Marginalia: Selected Articles and Posts of Interest to Publishing Professionals

The Benefits of Rejection by Ruth Williams


A survey of the pre-publication histories of papers reveals that manuscripts that are rejected then resubmitted are cited more often. A rejection notice never feels good, but new research suggests an upside to this routine disappointment in the scientific community. Chances are, if a researcher resubmits her work to another journal, it will be cited more often, according to an extensive pre-publication survey published on 11 October in Science. The finding should not only reassure frustrated scientists, but also persuade journal editors to perhaps reduce rejection rates and instead encourage revision.

Posted 11 October 2012 on THE SCIENTIST Web site (

Effective Wording for Your Backlinks by Carolyn Cohn

Cohn is clear and concise, yet comprehensive, in her treatment of this topic of importance to all publishers. “Links are a critical and extremely regular part of your content and your business. You want your readers to click on them so that they can understand more clearly what you do and what you offer. Link wording must entice.” She lists and explains in detail what you should work on to influence readers into an active response to your content. Her main items to remember:

  • Use the most effective phrasing possible
  • Have links that lead to specific things
  • Where to place the link in your content? At the end of a sentence

Posted on 13 October 2012 to Compukol Connection (

CC-BY Reflects a Small Subset of Open Access. Claims of ‘Emerging Consensus’ on CC-BY are Premature.

The Open Access Scholarly Publishers’ Association’s “Why CC-BY page” refers to an “emerging consensus on the adoption of CC-BY.” OASPA refers to an “emerging consensus” that CC-BY is the best license for open access. I argue that the evidence suggests that CC-BY is a peripheral phenomenon and very far from consensus. From Peter Suber’s SPARC Open Access Newsletter, June 2012—in brief only 11% of the journals listed in DOAJ use CC-BY, and outside of full gold OA publishing as illustrated by the journals in DOAJ, the proportion of OA that is CC-BY is lower still.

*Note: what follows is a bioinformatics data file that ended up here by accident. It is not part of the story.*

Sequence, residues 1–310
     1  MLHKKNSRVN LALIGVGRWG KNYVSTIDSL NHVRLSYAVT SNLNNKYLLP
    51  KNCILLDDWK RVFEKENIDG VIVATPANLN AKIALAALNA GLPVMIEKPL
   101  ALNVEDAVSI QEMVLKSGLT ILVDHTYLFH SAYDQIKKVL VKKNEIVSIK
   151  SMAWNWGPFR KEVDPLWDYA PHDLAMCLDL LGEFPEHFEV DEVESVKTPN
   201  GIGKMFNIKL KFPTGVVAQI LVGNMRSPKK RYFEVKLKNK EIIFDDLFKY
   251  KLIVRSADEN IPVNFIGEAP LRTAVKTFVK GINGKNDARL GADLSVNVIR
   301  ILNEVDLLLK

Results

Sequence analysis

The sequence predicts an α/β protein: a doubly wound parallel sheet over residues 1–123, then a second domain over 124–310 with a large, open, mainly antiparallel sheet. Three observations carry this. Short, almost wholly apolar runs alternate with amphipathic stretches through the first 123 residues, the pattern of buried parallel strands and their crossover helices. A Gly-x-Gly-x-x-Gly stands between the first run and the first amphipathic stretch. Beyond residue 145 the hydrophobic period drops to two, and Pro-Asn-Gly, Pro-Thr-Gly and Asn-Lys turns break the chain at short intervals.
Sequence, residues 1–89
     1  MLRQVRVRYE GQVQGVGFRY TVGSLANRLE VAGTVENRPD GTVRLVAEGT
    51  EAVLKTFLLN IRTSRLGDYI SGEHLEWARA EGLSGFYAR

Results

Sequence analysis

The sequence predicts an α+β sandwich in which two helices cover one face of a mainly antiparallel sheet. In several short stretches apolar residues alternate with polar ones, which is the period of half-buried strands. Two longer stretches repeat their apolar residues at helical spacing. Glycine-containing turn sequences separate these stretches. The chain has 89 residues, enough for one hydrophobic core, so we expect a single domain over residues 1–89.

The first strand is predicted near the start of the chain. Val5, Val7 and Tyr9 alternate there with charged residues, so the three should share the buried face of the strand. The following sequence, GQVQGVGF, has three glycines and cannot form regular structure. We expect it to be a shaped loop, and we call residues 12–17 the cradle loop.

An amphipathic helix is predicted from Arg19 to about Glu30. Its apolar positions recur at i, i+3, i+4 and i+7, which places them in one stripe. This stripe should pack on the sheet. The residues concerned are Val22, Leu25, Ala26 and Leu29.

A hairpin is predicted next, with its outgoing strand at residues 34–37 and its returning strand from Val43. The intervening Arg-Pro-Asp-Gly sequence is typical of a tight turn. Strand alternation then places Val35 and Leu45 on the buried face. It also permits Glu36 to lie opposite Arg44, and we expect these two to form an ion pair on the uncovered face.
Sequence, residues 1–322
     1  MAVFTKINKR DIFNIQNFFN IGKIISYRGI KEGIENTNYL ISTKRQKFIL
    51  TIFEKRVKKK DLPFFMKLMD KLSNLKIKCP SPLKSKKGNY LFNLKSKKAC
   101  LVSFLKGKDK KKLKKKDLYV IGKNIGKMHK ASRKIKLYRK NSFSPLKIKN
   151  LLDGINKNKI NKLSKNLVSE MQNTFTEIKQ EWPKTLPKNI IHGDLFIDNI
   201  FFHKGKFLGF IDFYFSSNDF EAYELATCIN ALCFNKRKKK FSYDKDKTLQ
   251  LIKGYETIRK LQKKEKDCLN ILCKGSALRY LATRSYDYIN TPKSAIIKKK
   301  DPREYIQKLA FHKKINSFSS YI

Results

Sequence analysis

Posted by Heather Morrison on 23 November 2012 on the The Imaginary Journal of Poetic Economics blog (

Can Drug Research Still be Trusted? Washington Post Exclusive

Arguably the most prestigious medical journal in the world, the New England Journal of Medicine regularly features articles over which pharmaceutical companies and their employees can exert significant influence, a Washington Post investigation has found.

Over a year-long period ending in August, about two-thirds of the articles on new drugs published in the journal were cowritten by employees of the companies that made the drugs, a Post analysis has found. The journal’s reliance on industry research, despite notable examples of potentially lethal bias, reflects the ability of pharmaceutical companies to shape science and influence what doctors prescribe for their patients.

Posted Saturday, 24 November 2012 Read more at: